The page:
It is without notice – whether heavy rain there or elsewhere – that Athrebail, near Koloor, gets entirely cut off from the rest of the State. When water is released from the Maravoor vented dam, Gurupura river swells, enveloping the village and its surroundings in waist-high water.
In drier seasons, a mud road curves off the main road connecting the area to the highway, and skirts the river. As The Hindu reported on April 30, after a point, the road becomes little more than a cattle trail dangling precariously by the river.
Now, the road is completely inundated, and one has to traverse in knee-high water through fields inland to reach the houses. A bridge built over a small canal is under inches of water. The villagers advise caution here, as the trail passes close to an open well – which is unseen in the swathes of brown water.
This is the path taken by college student Kiran Shetty and his family everyday. “We have gotten used to it, and can navigate. But it is extremely dangerous. During the heavy rains, we did not venture out. There is a danger that the gushing water pushes us into either the canal or the well,” he said.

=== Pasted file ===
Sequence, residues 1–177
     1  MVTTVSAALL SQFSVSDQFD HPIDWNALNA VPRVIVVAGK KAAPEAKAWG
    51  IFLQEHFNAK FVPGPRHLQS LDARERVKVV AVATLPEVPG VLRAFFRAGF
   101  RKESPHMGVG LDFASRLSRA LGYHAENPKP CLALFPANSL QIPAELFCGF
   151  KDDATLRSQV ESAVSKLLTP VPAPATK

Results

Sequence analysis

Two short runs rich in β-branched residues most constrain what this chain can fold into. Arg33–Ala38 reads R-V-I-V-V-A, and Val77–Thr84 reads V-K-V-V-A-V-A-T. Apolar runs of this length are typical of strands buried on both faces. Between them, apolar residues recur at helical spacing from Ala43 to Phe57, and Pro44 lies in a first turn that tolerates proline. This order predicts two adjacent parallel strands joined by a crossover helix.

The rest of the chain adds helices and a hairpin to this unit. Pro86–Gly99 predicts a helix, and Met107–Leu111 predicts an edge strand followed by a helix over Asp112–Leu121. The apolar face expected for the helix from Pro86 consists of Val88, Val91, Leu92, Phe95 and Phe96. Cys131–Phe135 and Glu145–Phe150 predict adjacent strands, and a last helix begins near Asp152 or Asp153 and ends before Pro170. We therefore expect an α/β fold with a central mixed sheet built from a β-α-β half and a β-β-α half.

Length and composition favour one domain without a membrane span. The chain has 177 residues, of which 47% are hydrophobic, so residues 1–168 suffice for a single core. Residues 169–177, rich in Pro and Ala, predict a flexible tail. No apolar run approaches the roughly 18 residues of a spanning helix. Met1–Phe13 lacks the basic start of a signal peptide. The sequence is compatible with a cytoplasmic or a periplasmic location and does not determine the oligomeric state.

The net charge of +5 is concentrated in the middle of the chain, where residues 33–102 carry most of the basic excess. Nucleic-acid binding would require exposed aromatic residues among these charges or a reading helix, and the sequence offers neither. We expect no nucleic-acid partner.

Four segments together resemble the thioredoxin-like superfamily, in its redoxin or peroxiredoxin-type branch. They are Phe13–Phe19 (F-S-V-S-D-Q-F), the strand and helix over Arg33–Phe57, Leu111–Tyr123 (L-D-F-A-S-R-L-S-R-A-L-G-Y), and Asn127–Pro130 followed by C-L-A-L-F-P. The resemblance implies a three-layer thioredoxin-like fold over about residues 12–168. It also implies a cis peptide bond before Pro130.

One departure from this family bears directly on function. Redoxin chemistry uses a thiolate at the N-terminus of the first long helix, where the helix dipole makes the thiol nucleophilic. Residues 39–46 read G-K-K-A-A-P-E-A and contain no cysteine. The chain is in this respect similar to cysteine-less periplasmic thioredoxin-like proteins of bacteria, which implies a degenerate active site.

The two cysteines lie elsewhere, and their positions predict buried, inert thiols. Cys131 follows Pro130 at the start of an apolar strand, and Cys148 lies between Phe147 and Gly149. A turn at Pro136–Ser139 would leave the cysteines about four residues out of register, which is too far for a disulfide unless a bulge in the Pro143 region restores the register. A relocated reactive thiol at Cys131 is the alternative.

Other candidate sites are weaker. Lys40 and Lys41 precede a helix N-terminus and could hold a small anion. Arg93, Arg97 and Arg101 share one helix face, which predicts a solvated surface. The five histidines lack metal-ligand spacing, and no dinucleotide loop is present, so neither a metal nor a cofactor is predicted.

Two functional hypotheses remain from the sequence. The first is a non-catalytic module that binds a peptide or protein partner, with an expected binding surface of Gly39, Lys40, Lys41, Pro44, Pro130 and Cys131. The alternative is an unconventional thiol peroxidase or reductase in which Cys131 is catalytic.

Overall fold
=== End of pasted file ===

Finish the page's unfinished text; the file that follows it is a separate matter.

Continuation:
After the heavy rains on Thursday, those who had left for work or for school in the morning were stranded at Malekoppala 2 km away. It was only after boats were arranged, did they return home. Since then, most have not been able to go to work.
“It’s like a red sea,” said Dinesh Shetty of the Atrelbail Malekoppala Nagarika Samiti, who points at the vast expanse of inundated fields. He blames the construction of a road, connecting the under-construction Mangalore Special Economic Zone with the highway, on the other side of the river for the flooding. “They dump mud and reclaim land. The river’s flow is constricted, and so, during the rains, the river spills over to our village,” he said.
Those living further along the village have to hang on to shrubs, negotiating the rising river on one side and a thicket of trees on the other. The ankle-deep muck on this makes walking at night impossible, said villagers.
“As the river rises and falls, part of the mud is eroded. So, what was once steady mud, can now collapse into the river. We cannot see what has become of the trail,” said Sunil D’Souza, a driver, who lost out on three days of work because of the flood.
Safety is not found in the house also. The river violently pulls and tugs at the trees a few metres in front of Gulabi Poojary’s house. “Any time it rains, the water enters the house. Cracks have started to develop in front of our house. The ground here may give away if there is heavy downpour again,” she said.